With a resume that includes three NFL conference championship games and a Super Bowl title, Aqib Talib knows what it takes for a team to play well down the stretch. And now that he is recovered from a left ankle injury, the Rams’ veteran cornerback says he is ready to show the way.
The Rams on Monday returned to practice rested from a week off, and needing only a victory over the Detroit Lions on Sunday to clinch their second consecutive NFC West title. The Rams are 10-1, with five games remaining, and they have the look of a team that’s ready for a deep run in the playoffs.
But maintaining the status quo is not the hallmark of championship teams, according to Talib, who learned something about playoff pushes during stints with the New England Patriots and Denver Broncos.
“You gotta crank it up a notch,” Talib, an 11th-year pro, said Monday, shortly after the Rams designated him to return from injured reserve.
The Rams are tied with the New Orleans Saints (10-1) for home-field advantage through the NFC playoffs. The Rams play the Lions, and then have games against the Chicago Bears at Soldier Field, at home against the Philadelphia Eagles, on the road against the Arizona Cardinals, and at home against the San Francisco 49ers.
The Saints, who defeated the Rams 45-35 in Week 9, play on the road against the Dallas Cowboys on Thursday night, and have games at Tampa Bay and at Carolina before finishing the season at home against the Pittsburgh Steelers and the Carolina Panthers.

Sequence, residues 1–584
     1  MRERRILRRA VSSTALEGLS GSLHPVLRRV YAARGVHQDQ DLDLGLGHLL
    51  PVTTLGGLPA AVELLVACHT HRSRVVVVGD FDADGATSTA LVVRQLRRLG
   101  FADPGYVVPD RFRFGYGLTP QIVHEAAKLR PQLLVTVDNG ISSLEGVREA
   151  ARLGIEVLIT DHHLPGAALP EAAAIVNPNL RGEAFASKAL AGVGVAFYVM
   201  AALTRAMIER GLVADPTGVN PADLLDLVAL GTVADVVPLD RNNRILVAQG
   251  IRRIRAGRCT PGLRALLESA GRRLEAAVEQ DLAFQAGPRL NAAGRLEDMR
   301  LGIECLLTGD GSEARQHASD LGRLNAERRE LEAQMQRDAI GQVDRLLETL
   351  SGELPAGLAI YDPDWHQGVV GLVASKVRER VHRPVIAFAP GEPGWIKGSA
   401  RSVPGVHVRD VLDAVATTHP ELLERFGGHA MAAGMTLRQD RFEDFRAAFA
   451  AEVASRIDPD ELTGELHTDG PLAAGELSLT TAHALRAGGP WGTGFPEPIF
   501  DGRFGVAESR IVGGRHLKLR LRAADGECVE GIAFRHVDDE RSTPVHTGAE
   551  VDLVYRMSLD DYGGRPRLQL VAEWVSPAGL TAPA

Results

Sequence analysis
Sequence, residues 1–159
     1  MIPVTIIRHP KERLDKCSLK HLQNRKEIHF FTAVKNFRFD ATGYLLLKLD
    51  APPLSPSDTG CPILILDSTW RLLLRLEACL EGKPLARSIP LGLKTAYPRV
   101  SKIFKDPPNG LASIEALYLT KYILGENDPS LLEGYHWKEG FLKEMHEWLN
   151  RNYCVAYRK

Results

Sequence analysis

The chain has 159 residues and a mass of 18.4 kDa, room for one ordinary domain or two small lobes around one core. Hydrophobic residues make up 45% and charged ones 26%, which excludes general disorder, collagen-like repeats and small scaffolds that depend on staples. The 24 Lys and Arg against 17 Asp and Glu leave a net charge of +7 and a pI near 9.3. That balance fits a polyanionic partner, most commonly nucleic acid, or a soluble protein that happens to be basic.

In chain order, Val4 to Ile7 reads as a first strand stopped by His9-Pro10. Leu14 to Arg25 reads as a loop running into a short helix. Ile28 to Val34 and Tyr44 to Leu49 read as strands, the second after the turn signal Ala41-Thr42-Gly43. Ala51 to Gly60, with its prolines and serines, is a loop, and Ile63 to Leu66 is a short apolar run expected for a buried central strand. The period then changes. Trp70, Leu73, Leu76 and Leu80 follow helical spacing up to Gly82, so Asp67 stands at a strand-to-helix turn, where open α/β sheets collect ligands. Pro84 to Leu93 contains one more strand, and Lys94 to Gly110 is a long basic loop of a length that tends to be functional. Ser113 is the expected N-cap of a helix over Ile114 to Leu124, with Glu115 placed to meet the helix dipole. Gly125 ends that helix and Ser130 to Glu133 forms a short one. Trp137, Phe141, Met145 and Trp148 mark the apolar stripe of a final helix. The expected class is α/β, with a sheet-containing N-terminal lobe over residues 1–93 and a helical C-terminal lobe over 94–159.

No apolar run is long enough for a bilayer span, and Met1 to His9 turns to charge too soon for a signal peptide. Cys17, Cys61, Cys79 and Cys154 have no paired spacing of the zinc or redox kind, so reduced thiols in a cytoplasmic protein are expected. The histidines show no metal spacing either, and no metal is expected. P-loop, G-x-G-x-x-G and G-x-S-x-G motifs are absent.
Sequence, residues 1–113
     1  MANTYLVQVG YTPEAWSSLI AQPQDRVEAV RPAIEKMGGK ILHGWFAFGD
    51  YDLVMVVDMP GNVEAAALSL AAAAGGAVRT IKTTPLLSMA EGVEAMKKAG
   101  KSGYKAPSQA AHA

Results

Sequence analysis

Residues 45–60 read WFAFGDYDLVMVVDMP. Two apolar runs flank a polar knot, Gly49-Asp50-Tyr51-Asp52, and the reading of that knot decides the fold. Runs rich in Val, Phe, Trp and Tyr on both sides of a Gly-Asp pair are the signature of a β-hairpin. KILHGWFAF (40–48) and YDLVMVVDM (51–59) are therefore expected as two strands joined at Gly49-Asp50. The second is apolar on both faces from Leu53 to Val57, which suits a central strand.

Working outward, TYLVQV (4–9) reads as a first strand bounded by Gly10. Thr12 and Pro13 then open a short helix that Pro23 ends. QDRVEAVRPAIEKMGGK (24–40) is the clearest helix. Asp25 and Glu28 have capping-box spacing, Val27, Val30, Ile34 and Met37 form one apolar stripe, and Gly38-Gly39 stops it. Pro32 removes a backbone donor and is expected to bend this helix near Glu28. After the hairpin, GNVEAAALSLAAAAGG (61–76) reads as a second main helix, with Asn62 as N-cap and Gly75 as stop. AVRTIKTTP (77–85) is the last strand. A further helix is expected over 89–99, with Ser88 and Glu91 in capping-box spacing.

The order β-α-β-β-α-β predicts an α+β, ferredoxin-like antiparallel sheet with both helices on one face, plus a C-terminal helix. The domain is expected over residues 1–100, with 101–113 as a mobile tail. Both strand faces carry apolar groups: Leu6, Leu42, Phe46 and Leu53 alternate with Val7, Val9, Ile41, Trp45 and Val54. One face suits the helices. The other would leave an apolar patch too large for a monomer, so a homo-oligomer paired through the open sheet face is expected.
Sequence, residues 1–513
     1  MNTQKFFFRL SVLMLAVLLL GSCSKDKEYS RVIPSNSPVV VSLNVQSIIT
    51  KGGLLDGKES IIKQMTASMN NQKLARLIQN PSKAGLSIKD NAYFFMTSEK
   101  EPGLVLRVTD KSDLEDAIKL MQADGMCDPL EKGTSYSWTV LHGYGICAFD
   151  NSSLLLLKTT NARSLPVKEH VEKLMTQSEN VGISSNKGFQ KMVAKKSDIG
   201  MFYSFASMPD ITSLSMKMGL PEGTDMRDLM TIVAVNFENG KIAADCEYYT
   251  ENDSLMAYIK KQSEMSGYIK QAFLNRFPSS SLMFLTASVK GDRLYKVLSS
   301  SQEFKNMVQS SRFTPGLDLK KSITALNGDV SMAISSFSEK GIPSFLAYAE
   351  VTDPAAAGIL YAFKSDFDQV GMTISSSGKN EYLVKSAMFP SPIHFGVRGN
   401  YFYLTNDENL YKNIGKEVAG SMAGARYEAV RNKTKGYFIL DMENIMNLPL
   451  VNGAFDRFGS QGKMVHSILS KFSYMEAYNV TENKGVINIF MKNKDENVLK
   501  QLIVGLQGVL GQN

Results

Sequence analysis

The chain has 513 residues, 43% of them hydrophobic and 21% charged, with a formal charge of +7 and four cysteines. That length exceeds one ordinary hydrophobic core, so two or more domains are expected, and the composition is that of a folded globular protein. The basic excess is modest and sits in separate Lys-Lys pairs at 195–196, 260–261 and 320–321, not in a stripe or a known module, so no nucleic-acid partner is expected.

Rams coach Sean McVay preaches — and his players echo — a one-game-at-a-time mentality. But Talib, acquired in a trade with the Broncos last March, said that at this stage of the season, extra attention to detail is required for players and teams that want to play well beyond the regular season.
“If you plan on doing something, you should have about eight games left,” he said, adding, “So your last eight games, you got to be working harder than your first 11 games.
“So this is when the season really starts. Right now.”
Cornerback Sam Shields, who signed with the Rams during the offseason, agreed that teams poised to make deep playoff runs do not stand pat. Shields played seven seasons with the Green Bay Packers, winning a Super Bowl during his rookie season in 2010 and advancing to the NFC title game in 2014.
“Extra film, extra communication, whatever it takes to help us go to a different level,” Shields said.
Rams players sounded energized after six days off. Their scheduled bye came after a wild 54-51 victory over the Kansas City Chiefs on “Monday Night Football.”
Safety John Johnson said players’ bodies were nearly tapped out after playing 11 consecutive games before the break.
“Like, ‘No more! No more!’” Johnson said. “[The bye week] came at a great time.”
Said linebacker Cory Littleton: “I’m pretty sure everybody feels rejuvenated.”
Talib had been eager to rejoin teammates for workouts after suffering a left ankle injury against the Chargers in Week 3 and undergoing surgery.
Before the last two games, he appeared fit while performing agility drills on the sideline.
“I’ve been getting real hard workouts lately, but it’s nothing like playing in an actual game,” he said.
The Rams can use Talib’s talent and experience. They rank 20th in the NFL in total defense, giving up 372.5 yards per game. They are 19th in passing defense (252.6 ypg), 21st in rushing defense (119.9 ypg) and 20th in scoring defense (25.6 points per game.
Talib’s return is expected to help take the onus off of cornerback Marcus Peters, who struggled for much of the season but has played well the last two games.
Coaches will not make a decision about activating Talib for Sunday’s game at Ford Field until trainers assess him during practices.
“Just his presence for our team will be a big benefit to us,” McVay said, “having him out on the practice field.”
Talib said the first step was done: He no longer is on injured reserve. Now he must prove his readiness during practices.
“I guess they’re going to do the eye test or whatever,” he said, “to see if I’m going to go Sunday or not.”